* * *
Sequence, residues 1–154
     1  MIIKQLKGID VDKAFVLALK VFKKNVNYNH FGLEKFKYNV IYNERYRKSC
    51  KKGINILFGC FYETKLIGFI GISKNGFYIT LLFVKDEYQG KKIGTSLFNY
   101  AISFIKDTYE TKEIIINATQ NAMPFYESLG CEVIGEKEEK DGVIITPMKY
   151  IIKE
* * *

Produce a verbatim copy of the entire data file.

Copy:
Sequence, residues 1–154
     1  MIIKQLKGID VDKAFVLALK VFKKNVNYNH FGLEKFKYNV IYNERYRKSC
    51  KKGINILFGC FYETKLIGFI GISKNGFYIT LLFVKDEYQG KKIGTSLFNY
   101  AISFIKDTYE TKEIIINATQ NAMPFYESLG CEVIGEKEEK DGVIITPMKY
   151  IIKE